Anna's journey to the meeting with Empress Catherine which Nicola saw in her vision is then catalogued, skipping ahead some years in places.  It never felt like I missed out on anything really important and I never felt the story to be slow or lacking in pace.    Rather, it was revealed in glorious rich detail which was lyrical but not ornate in style.  I was immersed in Anna's story and then the book would transition to Nicola's - I'd become again immersed and so on and so forth.  It wasn't frustrating and I didn't feel manipulated by the transitions.  There is more of Nicola at the start of the book and more of Anna toward the end but the balance I felt, was about right overall.

There is a romance for Anna (now 18 - or so) toward the last part of the book and there are various parallels drawn between Anna's journey to love and happiness (there is a happy ending, I don't think that's a spoiler) and Nicola's and the Russian folktales of the firebird.

There were a few little niggles.  Rob's father, who briefly appears in this book, wasn't so nice in The Shadowy Horses and he and Jeannie weren't (if memory serves me) as happy as they appeared here.  There didn't seem to be a bridge from The Shadowy Horses to The Firebird in that sense so it felt a little jarring.  But only a very little. 

The latent feminist in me wondered at a choice made very very late in the book by one of the characters without much consideration for any alternatives.  I'm sorry that's vague, but: spoilers.

There were things I wondered about, things that were hinted at which were not made overt, which I would have liked to be just a little clearer - what did Rob know when he and Nicola split that first time?  And, a couple other things which to detail would be too spoilery so I'll just say that they occurred later in the book.  

Rob as an adult was every bit as wonderful as Robbie the child and I liked his patience,  confidence and self-assuredness, his practical good sense and general nice-guy-ness.  He's not at all wimp nor a doormat but he's no dominant alpha type either - he's the type of hero I'd like to meet in real life actually.

The dual storylines wrap up together in a fairly short space of time.  By chapter 46 of the 47 chapters in the book, I was wondering how the author was going to do it.  She does and I was satisfied by it - something I had been worried about was resolved as well, to my relief - and I can't really say that I felt it should have been longer, even though it did feel... quick.    I suppose that some may find Anna's romance less than satisfying because she is a child for quite a bit of the book and there isn't much room for her to have a grown up relationship.  I was invested in the child Anna and certain things about her as well as the young lady Anna and her romance so for me, the story gave me what I needed.  I think if those bits of Anna's childhood had been absent, I would have felt a little betrayed and it would have raised too many questions.   Frankly, I would have been happy enough had Anna remained a child for the whole story, there was enough romance and love (in the classical sense) to satisfy, plus: Rob and Nicola. But I was happy that Anna found love too.

I had that melancholy one gets at the end of a haunting, atmospheric and beautiful book when I finished.  I am inspired to re-read/re-listen to The Winter Sea in particular (but possibly The Shadowy Horses too) because I'm not really ready to let the characters go.  I foresee (that's a little psychic joke there) a re-listen/re-read of The Firebird in the not too distant future also.  I'm sure there will be other gems to glean I missed on the first go round.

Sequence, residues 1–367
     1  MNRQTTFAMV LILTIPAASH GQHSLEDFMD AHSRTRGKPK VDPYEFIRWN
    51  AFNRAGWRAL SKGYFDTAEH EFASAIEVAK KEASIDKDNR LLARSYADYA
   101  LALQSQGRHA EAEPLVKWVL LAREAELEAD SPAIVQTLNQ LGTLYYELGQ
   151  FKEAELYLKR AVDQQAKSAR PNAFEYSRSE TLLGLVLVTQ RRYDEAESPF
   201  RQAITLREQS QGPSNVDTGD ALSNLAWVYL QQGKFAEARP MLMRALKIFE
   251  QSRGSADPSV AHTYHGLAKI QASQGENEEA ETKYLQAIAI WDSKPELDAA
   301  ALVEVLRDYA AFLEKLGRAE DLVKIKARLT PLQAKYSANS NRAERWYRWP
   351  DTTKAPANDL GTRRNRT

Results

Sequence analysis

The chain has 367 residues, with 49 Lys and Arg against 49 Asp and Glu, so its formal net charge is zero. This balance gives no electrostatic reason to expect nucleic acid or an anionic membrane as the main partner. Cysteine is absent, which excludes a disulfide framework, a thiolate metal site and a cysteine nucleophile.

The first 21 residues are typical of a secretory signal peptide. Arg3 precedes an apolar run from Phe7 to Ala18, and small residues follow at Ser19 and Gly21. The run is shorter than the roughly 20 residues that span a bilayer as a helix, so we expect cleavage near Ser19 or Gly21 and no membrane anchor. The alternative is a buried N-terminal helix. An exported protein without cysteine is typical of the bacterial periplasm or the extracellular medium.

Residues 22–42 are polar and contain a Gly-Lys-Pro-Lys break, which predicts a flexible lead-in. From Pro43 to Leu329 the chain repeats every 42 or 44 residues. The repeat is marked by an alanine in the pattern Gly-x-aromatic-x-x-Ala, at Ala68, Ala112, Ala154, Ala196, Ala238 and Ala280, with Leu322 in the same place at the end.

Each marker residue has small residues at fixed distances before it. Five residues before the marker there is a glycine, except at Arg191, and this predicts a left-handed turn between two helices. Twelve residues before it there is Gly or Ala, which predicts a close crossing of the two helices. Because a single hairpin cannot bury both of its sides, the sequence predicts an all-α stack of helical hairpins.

What else?  Katherine Kellgren is a new-to-me narrator.  Her accents were superb.  She performed British, Scottish, Irish, Russian and even a Scot/Russian hybrid accents.  She voiced characters ranging in age from 6 (or so) to 70 (or so) and they were all wonderful.  There was a very occasional slip from a Scot's brogue to an Irish lilt or vice versa but for the most part she kept the accents correctly placed the whole way through the book.  There were some folk songs mentioned in the text and Ms. Kellgren sang them in beautiful and character-appropriate tones.  I have no idea if the tune was right - who cares really?  My one complaint in the narration was in the narrative voice.  Anna's section of the book in the third person could easily bear a different sounding narrator but Nicola's section was first person so it was Nicola's own thoughts.  However, the narrative voice was not Nicola's voice.  (Do not thoughts in your own head sound like your own voice?)  Perhaps more problematic however, was the tone of the narrative sometimes was overly... strident and there were times I felt it made the words sound too combative when I believed they were meant more... softly.  It's hard to describe in words, without a sample of what I mean.  But some of the narrative sounded more fitting to a battle scene - and there were no battle scenes in the book.  That said, the text was so brilliant and the rest of the narration so wonderfully done, I was able to put this aside for the most part.  The characterisations were excellent and the nuance in tone was superbly done.  The many and various characters were easily recognisable and, certainly in the dialogue, if not always in the narrative, she definitely captured the mood of the novel.

It was a wonderful book.  I'll definitely be picking up the print copy when it is available in paperback (which I think, for me, will be in about a month).  Kearsley books tend to be ones I want to pet and adore on my shelf.

Grade:  A-